India needs big wins in next two games

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HEART-BREAKING:Disappointed fans watching the India-Spain match on Thursday.
HEART-BREAKING:Disappointed fans watching the India-Spain match on Thursday.

S. Thyagarajan

Brasa speaks about the compulsions to play Deepak Thakur

New Delhi: What next? Is India still in the race? Such posers are pure rhetoric. They are invoked to keep the interest alive in the current Hero Honda hockey World Cup.

The 2-5 reverse against Spain on Thursday mirrored the chasm dividing Asia and Europe in approach, athleticism and adeptness.

England produced a classic display in a tough contest against Pakistan. The former European champion, Spain, peaked at the right time to expose India's inadequacies.

Arguments over theoretical possibilities of a semifinal berth are academic. At best they satisfy a dream. For that to happen India needs to win the next two matches against England and South Africa by big margins. You have to be an inveterate optimist to engage in such a line of thinking.

Practical assessment

Jose Brasa is practical in his post-match assessment. The best now is to strive and be in the race for the fifth spot. That would be a great achievement considering the 11th position in the last edition.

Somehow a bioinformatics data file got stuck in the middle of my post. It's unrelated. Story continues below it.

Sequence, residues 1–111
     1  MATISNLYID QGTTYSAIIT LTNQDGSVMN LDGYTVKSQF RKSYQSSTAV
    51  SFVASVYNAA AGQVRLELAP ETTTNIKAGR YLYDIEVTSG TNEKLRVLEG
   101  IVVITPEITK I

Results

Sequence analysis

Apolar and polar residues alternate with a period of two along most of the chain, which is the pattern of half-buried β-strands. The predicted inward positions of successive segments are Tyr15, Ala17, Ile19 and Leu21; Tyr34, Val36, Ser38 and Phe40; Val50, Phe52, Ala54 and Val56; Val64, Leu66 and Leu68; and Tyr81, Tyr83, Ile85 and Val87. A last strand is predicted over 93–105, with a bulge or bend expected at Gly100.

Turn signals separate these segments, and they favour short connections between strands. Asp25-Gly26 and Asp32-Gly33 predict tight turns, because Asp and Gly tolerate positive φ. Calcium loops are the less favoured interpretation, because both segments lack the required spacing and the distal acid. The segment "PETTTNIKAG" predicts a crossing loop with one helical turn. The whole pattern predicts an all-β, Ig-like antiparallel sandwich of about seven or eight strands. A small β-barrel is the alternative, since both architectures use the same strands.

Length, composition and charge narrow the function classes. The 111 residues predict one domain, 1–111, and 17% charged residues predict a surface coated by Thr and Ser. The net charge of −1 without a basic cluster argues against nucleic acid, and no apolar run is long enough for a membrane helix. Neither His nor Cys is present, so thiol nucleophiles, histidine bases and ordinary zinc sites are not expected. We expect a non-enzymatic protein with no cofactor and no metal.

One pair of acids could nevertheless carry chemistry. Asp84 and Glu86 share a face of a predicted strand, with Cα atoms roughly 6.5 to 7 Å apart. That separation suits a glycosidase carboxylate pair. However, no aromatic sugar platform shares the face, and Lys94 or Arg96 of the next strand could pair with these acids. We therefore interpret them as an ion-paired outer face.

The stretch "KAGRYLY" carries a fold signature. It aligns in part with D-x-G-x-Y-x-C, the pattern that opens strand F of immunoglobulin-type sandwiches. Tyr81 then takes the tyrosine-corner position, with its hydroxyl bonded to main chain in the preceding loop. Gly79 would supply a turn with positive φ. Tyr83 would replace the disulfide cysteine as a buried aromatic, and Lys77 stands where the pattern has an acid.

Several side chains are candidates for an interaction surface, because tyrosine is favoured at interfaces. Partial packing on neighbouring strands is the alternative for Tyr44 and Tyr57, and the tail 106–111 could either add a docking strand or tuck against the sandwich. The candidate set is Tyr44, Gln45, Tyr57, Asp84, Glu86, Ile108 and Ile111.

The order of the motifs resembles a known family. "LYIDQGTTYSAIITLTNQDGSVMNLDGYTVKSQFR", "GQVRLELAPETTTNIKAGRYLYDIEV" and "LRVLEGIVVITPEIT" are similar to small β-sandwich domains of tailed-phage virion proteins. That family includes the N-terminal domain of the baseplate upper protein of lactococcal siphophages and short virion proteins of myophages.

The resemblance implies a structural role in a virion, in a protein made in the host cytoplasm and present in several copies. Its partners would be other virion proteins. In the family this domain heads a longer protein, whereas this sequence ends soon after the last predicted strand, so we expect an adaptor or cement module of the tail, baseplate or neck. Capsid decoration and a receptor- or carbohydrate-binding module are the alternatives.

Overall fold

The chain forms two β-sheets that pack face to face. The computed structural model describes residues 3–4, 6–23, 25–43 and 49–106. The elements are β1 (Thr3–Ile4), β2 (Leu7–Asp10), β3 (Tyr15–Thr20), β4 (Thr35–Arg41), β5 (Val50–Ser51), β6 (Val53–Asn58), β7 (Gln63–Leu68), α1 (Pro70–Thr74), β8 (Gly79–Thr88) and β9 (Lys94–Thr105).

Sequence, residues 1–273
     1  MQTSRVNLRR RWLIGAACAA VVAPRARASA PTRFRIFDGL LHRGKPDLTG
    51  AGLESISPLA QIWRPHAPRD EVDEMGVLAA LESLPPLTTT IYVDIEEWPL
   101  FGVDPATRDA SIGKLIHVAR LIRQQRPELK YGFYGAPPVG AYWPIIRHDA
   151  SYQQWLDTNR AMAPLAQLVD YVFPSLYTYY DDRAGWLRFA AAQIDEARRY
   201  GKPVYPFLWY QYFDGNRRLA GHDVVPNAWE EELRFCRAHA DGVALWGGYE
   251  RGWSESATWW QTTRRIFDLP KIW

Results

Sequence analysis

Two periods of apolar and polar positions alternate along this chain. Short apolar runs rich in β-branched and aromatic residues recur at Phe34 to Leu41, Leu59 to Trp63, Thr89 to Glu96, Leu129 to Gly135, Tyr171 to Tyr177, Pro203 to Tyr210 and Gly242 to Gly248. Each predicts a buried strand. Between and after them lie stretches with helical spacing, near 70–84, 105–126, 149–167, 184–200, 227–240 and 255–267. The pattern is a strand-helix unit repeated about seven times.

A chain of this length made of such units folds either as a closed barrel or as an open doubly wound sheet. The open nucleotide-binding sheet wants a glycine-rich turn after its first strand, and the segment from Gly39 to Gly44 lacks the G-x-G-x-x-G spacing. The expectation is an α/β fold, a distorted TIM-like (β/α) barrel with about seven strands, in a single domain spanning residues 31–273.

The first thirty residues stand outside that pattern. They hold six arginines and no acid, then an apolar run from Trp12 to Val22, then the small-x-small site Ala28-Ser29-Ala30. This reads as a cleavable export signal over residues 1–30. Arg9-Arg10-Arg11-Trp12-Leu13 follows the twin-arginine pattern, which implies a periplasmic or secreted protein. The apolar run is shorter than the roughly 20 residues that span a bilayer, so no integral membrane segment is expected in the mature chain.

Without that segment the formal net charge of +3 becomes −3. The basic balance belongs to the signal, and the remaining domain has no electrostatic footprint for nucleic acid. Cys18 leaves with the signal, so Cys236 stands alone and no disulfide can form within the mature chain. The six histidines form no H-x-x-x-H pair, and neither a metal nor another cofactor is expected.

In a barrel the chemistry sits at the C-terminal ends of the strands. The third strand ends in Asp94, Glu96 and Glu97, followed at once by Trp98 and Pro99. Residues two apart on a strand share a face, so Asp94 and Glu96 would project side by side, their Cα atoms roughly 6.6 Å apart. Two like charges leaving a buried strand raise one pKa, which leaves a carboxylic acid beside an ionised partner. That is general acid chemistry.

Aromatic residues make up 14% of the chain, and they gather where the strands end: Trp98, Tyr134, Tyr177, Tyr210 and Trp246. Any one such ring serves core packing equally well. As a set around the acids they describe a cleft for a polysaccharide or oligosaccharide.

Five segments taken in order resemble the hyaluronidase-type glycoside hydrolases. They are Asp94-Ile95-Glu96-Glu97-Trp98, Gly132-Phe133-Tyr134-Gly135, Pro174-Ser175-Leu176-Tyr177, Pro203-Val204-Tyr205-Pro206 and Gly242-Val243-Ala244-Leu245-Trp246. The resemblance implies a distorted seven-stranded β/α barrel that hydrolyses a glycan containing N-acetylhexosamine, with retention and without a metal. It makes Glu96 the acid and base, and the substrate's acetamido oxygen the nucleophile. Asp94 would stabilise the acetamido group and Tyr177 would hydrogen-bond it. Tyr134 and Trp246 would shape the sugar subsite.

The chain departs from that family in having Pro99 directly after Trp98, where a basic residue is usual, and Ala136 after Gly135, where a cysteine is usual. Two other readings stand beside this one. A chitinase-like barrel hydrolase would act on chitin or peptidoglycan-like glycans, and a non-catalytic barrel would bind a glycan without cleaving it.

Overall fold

Brasa spoke about the compulsions to play Deepak Thakur. That India had to play a centre-forward who hardly touched the ball is pathetic. Danish Mujtaba could have been given a trial as Brasa did for Sreejesh.

India's failure was self-inflicted. There were chances galore. Equally, there were times when a little more care could have been exercised in marking the rival attackers, especially known strikers like Pol Amat and Pau Quemada.

Then, lack of variation in penalty corners. Of the seven, India converted one. Thundering hits at the goalkeeper always do not produce the desired result.

A certain amount of guile needs to be blended in to surprise the custodian.

What let India down was the inability to comprehend the strengths and weaknesses of the opponent. After all, no team is perfect. They have to be identified and conquered with ingenuous means.

Brasa talks of inexperience. But more than half the side has won 100 international caps.

Crying over spilt milk or reiterating known deficiencies for decades is no remedy. The team needs to tighten up areas where it is strong, improve qualitatively the work in the defence zones.

England is at its peak. The defeat of the Aussies and the classic goals against Pakistan showed England can be tipped for the title.

As the European champion, it is entitled to think in terms of a dawn as World champion.

India's record against England is marginally better. Of the 23 played, the home team has 10 victories, seven defeats and six draws.

In the World Cup, it has three wins, two defeats and one draw. Such figures reflect nothing in the present scenario.

England is not at its full strength. Two of the best, Matt Daly and Simon Mantell, could not come because of injuries.

Loss of key player

The loss of the key player, Richard Mantell, after the tempestuous tie against Pakistan on Thursday leaves a dent.

How much can India exploit with Shivendra back is the question.

A draw would be a splendid result.

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